In order to raise awareness about inherited bleeding disorders she created Carter’s Quest for a Cure. She installed an awareness, table with materials from the CHS, at a local Walmart in Airdrie in 2010. This led to fundraising efforts as she felt there was a need for her to continue helping people understand the lives of those with hemophilia. With the help of her husband Will and daughter Cassie, the family raises funds for research to help Carter and other kids just like him. They do a fabulous job! From online auctions and donations, Mall in the Hall events, bottle drives, firewood sales, to garage sales and raffle. Just recently she hosted a successful fundraiser called Colour me Red, where local politicians and community members dyed their hair red in support of the cause.

Sheri Spady, is Jack Spady’s mother. Jack was born on May 25, 2007 and was diagnosed with severe hemophilia A when he was 13 months old when he got a scrape on his baby toe. It bled for approximately five and a half hours before she and her husband Jason were able to get it to stop and that was only after putting really firm pressure on the toe for twenty-five minutes. Jack always had dark, raised bruises, but they thought it came from learning to walk on a hardwood floor and trying to keep up with his two older siblings, Jaden and Ashley. They thought maybe he was low on a vitamin or something. Within a couple of weeks of being diagnosed he was scheduled to have surgery; a port-a-cath was inserted into his chest. It was a life saver but at the same time caused them a few problems.

Sometimes it was very scary for them. The rubber on the port could break down so Sheri and Jason had to learn to give each other needles to train themselves to give infusions. They needed to get into the veins. It took Sheri two weeks of trying to infuse Jack before she finally succeeded. In nine treatment days, he ended up with twentytwo needle pokes in both his arms and his port because she kept missing. He was such a trooper – he laid very still and there were very few tears. They are so proud of how brave he is. When Jack was four years old he had surgery to have the port removed. Now they give him his medication through his veins. Some days are good and they get it right away; some days are not and it takes them three different pokes to get it in. Occasionally they hit a nerve which causes him to holler in pain and they have to remove it and start all over again. Through it all, Jack tells them it is okay. With recent breakthroughs of longer lasting medication they too believe it will be okay.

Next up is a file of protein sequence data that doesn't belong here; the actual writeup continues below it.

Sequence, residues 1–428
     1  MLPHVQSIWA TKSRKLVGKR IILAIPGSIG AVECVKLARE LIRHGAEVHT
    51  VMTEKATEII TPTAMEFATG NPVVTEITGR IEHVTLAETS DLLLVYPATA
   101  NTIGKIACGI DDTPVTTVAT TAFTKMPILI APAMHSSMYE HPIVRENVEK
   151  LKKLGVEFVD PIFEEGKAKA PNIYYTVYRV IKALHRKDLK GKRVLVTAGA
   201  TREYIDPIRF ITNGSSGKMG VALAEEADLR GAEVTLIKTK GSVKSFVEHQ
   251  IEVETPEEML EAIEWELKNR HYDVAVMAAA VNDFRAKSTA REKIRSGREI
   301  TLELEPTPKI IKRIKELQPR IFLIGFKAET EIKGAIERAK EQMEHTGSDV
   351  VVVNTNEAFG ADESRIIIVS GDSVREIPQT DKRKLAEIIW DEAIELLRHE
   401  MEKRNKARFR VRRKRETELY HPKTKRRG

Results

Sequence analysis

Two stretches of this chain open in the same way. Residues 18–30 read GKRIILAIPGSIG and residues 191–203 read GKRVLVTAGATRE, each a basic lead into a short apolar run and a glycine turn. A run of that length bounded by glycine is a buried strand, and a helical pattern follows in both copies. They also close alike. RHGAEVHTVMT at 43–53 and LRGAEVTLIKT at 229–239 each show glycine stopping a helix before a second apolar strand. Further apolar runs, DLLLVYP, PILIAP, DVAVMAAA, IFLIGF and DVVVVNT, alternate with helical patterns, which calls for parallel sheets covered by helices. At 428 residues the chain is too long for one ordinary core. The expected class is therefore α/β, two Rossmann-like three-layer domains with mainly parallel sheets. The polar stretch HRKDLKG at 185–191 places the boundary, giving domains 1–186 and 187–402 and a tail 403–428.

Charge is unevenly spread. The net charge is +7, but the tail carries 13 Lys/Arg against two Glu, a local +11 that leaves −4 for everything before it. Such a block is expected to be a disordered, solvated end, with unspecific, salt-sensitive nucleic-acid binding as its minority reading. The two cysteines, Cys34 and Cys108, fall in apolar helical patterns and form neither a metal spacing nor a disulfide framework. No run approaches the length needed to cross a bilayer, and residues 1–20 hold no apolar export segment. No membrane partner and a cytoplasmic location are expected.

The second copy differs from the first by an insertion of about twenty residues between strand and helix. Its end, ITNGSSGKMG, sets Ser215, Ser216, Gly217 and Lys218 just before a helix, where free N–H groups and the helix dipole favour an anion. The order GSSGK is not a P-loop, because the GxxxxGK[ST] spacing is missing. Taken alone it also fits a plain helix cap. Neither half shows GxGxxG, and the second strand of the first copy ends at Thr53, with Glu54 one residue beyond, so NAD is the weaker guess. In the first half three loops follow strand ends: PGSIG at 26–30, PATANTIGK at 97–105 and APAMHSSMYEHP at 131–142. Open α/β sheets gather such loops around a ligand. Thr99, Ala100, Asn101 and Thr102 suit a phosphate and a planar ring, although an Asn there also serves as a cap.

Once he is old enough, he will be taught to self-infuse. The CHS has camps across the country where nurses teach boys to self-infuse and have fun with other kids who share the same problems.

Sheri decided to come up with a fundraising initiative after taking Jack to preschool and having to explain what hemophilia was all about. Most had never heard about this disorder. She was not aware of any fundraising events going on in her community at that time and decided to create her Our Plot to Clot campaign with the goal of developing a fundraiser, not only to raise money but also to increase knowledge of inherited bleeding disorders. This dinner event provides an evening of information, entertainment, silent auction, amazing prizes and much more!

These two special women are acquiring needed funds for research while focusing on community awareness and education on inherited bleeding disorders. They have raised close to $85,000 dollars between the two of them for the HRMDC. And everyone is having a blast participating in their initiatives! Thank you Sheri and Jen for your outstanding commitment and enthusiasm!

Now you can see why I couldn’t help but be inspired by these two volunteers, their positive attitudes and endless dedication to motivating increased awareness and support. At Rendez-vous 2013, they were able to reinvigorate their sense of purpose. As they continue to work on their local fundraising initiatives, Jen and Sheri are also looking to the future for bigger and better fundraising initiatives for our national community and a way to continue the fight for a world without pain and suffering and with the best possible care for people with inherited bleeding disorders.

To learn more about Carter’s Quest for a Cure and Our Plot to Clot, visit the Web sites: www.cartersquest.com and www.ourplottoclot.org.

Take the opportunity today to join in the great work being done across the country to raise money for research. Contact your local chapter or the national office for help getting started.

The cure is near, and volunteers like you will make it happen.

- August 2013